Then as if in a time machine, I am transported in my mind to Keoma. It was there that I learned to paint. I lived in a large log house on ten acres in the middle of the prairies with Mom and Dad. The prairies have a stillness all it’s own and despite growing up in southern Alberta it wasn’t until I reached this place that I really understood the power of the space all around; earth and sky. Nothing to get in the way of the mind’s eye. In that place, I was once again given the gift of time. The hours melted into days as I watched the fields of canola grow. I studied how the cadmium yellow blooms in the foreground paled in the distance to a buttery Naples yellow. I learned how cool colours recede in the distance and that the sky is always lighter at the horizon. It was winter in Keoma when I put my first paintbrush to canvas. A big surprise? My first ever painting was of the view from our cottage at Tie Lake. Memories are all connected. In Keoma I watched the red tailed hawks catching wind currents. I watched the mommy swallow teaching her babies to fly. It was there that a young coyote with a broken leg rested on our deck. I would pause while washing dishes to watch the bees crawling between the log walls and happily buzz past my nose in search of sweet nectar on the stovetop. What better way to spend your time?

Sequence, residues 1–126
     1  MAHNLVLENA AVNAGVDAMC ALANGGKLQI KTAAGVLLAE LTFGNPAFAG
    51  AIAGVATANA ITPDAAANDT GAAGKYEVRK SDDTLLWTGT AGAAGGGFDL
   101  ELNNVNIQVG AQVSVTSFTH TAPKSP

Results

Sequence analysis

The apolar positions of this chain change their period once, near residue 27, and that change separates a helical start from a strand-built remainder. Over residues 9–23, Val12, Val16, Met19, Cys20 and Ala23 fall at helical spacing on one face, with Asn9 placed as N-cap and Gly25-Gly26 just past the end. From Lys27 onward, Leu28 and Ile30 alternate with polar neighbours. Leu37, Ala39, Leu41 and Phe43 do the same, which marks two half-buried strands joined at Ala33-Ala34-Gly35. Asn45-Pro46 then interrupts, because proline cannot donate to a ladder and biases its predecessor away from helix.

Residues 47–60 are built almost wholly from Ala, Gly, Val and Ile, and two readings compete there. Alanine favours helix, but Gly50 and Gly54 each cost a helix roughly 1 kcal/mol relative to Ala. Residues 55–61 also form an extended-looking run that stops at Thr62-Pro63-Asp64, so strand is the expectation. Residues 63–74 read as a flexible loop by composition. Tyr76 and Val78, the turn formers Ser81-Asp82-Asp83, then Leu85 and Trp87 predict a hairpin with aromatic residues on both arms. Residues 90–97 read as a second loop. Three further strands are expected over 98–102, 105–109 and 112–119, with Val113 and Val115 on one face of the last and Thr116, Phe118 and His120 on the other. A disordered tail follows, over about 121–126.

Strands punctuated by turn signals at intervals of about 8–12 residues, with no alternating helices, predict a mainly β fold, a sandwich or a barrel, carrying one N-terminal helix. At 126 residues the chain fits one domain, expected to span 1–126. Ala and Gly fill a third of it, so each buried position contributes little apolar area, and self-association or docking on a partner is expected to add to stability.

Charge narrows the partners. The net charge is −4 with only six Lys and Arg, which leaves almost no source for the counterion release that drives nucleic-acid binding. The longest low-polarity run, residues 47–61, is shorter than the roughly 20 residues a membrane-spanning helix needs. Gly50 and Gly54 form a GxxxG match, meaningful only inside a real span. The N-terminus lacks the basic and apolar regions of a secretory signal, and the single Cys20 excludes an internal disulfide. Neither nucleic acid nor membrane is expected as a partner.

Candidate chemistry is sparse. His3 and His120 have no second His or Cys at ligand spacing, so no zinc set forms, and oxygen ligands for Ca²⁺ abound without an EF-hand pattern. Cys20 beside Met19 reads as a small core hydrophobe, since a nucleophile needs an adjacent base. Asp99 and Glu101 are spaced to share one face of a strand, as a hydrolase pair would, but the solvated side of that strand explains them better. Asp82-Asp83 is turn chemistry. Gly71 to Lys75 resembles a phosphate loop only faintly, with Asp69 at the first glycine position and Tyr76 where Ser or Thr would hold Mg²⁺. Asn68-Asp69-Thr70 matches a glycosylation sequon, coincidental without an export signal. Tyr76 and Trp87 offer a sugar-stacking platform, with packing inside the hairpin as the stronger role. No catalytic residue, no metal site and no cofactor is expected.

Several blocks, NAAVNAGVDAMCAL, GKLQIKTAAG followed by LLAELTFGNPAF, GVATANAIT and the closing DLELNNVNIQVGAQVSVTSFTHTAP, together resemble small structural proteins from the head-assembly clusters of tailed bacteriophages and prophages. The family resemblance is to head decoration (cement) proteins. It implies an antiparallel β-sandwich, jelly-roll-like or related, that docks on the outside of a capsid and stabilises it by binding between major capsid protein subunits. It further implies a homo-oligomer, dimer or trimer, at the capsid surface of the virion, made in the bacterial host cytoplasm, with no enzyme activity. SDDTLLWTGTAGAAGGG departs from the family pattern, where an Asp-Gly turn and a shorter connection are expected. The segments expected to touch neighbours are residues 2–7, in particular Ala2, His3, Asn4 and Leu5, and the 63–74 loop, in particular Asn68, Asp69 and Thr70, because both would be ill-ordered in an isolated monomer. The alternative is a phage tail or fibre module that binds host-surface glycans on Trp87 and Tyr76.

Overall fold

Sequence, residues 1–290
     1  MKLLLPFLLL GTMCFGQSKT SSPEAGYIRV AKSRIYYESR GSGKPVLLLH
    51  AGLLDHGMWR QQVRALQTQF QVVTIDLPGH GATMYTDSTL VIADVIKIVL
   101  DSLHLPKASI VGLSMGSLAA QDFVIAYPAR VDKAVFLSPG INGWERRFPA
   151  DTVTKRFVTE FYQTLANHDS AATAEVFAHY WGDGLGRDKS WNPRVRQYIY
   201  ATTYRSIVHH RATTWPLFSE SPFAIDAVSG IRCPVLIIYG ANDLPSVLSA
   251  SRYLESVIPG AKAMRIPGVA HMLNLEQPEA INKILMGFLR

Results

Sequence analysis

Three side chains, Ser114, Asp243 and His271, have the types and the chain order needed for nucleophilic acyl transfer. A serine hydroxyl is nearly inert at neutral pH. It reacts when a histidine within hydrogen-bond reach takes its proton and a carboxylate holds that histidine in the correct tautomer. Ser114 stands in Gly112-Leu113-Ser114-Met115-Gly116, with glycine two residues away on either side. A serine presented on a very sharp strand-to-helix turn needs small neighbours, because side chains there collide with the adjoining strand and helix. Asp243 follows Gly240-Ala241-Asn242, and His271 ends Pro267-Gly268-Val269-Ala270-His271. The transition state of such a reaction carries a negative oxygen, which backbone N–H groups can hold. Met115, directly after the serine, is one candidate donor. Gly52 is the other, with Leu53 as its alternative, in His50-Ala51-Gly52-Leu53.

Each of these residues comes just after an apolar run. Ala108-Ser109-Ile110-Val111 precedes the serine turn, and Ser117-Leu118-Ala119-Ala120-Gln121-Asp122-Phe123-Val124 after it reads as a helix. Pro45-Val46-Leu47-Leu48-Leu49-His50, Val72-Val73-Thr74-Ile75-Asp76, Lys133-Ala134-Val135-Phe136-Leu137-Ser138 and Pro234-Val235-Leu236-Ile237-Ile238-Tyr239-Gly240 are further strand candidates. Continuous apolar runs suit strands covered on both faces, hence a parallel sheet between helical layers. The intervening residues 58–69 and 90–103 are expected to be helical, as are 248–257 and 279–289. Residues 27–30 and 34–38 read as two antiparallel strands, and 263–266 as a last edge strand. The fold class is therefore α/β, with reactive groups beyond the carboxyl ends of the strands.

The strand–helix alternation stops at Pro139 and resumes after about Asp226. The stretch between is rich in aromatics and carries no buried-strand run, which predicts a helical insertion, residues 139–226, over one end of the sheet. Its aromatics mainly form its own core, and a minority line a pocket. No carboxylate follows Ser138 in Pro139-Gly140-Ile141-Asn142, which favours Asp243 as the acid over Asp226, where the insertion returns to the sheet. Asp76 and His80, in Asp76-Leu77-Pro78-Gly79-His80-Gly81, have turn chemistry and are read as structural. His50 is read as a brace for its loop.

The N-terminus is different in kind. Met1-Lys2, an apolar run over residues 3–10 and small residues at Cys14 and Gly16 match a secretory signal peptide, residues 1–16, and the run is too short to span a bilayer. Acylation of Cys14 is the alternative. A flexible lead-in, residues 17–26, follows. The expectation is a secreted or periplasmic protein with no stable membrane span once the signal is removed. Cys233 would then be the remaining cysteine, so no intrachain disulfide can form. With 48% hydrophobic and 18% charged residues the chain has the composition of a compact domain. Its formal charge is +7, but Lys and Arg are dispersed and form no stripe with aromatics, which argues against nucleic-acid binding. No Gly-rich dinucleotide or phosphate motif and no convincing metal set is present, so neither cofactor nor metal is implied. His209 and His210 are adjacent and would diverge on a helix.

At these magical places, I was given the precious gift of time. Time to be still and to simply observe. Now as I recuperate from my recent injuries, this forced stillness reminded me of times when I had chosen stillness.